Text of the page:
1. Kennedy, Maureen Shawn MA, RN, FAAN


What's next for nursing after the pandemic.


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As I write this, two days after the inauguration of President Joe Biden and Vice President Kamala Harris, I marvel at how quickly this new administration has begun to confront the many problems it faces. President Biden has already signed several executive orders, among them (finally!) a national plan to address the COVID-19 pandemic that includes implementing the Defense Production Act to ramp up vaccine and personal protective equipment (PPE) production, strengthening the public health workforce, and mandating face coverings on properties under federal jurisdiction.

Figure. Maureen Shaw... - Click to enlarge in new windowFigure. Maureen Shawn Kennedy

This new beginning led me to think about what the nursing profession's priorities will be once the pandemic is no longer its primary focus. On a recent call with AJN's editorial board, there was much discussion about whether our shared experiences as nurses during this crisis might unify us-all of us, in all roles and settings, in the various unions and organizations-to address the complex issues facing nursing.


Like our nation, we need to address racial inequities, not only in education and practice settings, but also in terms of who receives funding and in what areas of research. Nursing schools also face many challenges. How will nursing education ensure a competent workforce with limited clinical placements? And, given the growing number of applicants to nursing schools, will there be enough faculty to teach them?


Ensuring an adequate hospital workforce, of course, will be a huge issue. We know many nurses are "aging out," and the International Council of Nurses (ICN) has reported that we're facing a worse global nursing shortage than previously predicted. The ICN notes that "developed countries need to wake up to the fact that 17% of their nursing workforces, that's 4.7 million nurses, will be considering taking retirement over the next decade." Additionally, some younger nurses say the pandemic has pushed them over the edge-that staffing that was barely sufficient before COVID-19 became totally inadequate during the pandemic, compounding nurses' moral distress at being unable to meet patients' needs and giving rise to a sense of hopelessness and failure. Our own WikiWisdom report describes this (see "Frontline Nurses Say 'Never Again,'" December 2020). Short staffing, exhausting multiple 12-hour shifts, and feeling unprotected because of inadequate and ever-changing PPE standards have many nurses rethinking work in the acute care setting. Some are leaving because they don't believe conditions will improve after the pandemic wanes. An especially poignant remark was reported online in The Lily from a young nurse who quit because, "I realized my voice was too small to fix things." Nurses in other settings-in mental health, community and public health, school-based health, and long-term care-are also challenged by a chronic lack of resources.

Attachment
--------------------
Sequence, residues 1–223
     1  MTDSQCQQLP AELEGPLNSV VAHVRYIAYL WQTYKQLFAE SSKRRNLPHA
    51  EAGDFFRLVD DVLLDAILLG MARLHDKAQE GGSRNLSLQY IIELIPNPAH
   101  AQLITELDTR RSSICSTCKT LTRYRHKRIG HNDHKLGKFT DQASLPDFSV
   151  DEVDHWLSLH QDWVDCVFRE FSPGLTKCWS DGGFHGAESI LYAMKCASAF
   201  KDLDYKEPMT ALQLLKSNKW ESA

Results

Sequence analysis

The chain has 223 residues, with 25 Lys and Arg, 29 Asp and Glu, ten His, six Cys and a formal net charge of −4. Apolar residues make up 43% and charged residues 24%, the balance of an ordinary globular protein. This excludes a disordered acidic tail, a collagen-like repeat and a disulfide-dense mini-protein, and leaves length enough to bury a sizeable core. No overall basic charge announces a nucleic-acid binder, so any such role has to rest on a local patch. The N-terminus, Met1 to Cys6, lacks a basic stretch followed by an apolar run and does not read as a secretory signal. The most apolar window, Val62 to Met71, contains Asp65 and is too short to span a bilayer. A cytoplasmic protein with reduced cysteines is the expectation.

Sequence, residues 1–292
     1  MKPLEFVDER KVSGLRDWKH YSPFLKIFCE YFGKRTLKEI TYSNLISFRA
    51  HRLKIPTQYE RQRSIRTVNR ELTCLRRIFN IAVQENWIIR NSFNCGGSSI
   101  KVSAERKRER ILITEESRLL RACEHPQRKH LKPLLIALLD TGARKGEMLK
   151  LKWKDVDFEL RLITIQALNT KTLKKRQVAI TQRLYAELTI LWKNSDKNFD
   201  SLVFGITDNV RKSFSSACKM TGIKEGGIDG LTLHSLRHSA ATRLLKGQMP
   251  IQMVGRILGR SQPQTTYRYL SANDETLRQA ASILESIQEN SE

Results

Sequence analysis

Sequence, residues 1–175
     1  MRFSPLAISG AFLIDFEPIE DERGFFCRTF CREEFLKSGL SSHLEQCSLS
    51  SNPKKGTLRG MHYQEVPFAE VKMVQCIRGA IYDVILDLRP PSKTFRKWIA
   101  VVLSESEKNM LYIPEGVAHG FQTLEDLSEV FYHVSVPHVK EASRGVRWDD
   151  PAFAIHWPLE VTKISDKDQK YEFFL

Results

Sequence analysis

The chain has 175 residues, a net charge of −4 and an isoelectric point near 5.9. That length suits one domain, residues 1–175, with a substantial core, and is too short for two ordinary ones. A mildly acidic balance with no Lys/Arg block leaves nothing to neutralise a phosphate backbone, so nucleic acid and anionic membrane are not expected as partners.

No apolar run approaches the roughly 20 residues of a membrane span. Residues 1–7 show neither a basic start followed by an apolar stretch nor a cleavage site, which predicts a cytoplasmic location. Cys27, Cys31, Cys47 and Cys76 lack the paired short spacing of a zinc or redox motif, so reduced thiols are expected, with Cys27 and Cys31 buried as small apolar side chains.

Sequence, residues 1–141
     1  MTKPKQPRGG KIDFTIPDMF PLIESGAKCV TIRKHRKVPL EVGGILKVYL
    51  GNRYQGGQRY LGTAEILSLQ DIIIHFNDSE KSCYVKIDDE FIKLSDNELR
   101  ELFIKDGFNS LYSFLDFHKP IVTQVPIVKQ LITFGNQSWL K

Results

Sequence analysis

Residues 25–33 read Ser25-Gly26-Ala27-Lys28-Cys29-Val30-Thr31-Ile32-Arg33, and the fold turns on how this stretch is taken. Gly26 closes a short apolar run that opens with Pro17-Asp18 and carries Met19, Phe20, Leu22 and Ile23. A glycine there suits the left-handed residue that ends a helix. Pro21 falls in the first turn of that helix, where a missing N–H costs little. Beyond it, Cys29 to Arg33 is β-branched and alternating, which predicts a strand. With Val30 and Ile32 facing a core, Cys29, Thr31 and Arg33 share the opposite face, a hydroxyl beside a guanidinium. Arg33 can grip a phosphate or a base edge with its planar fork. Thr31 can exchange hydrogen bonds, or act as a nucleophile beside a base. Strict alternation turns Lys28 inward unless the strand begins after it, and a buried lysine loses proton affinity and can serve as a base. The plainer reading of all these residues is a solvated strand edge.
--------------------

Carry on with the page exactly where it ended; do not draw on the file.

We have addressed deficiencies in nursing homes in the past, and in this month's issue, two articles highlight how we care-or don't-for those in long-term care. In Reflections, one nurse gives a firsthand account of her horrific experiences in a nursing home during the pandemic. In Policy and Politics, 22 nursing gerontology experts weigh in on deficiencies that were greatly exacerbated by the pandemic, which they say "reflects the long-standing ineffective policies and practices in nursing homes that have put profits before people." This shouldn't be surprising since 70% of nursing homes are run as for-profit companies and many barely meet minimum staffing standards. The authors call on the Centers for Medicare and Medicaid Coronavirus Commission for Safety and Quality in Nursing Homes to rewrite the standards "to ensure that every resident in our nation's nursing homes receives adequate professional nursing (RN) care."


And in "Missing the Care in Health Care," a heartbreaking case report illustrates how fragmented our health system is, even when someone has access. Too often, there is no real caring, and "patient-centered care" are just words on a website.


This will be nursing's postpandemic challenge: to identify how, with all our competing organizations, unions, and special interest groups, we can come together in this pivotal moment to remodel our health system into one that will restore and heal our profession, and provide the user-friendly, responsive, equitable, and efficient health care the public deserves.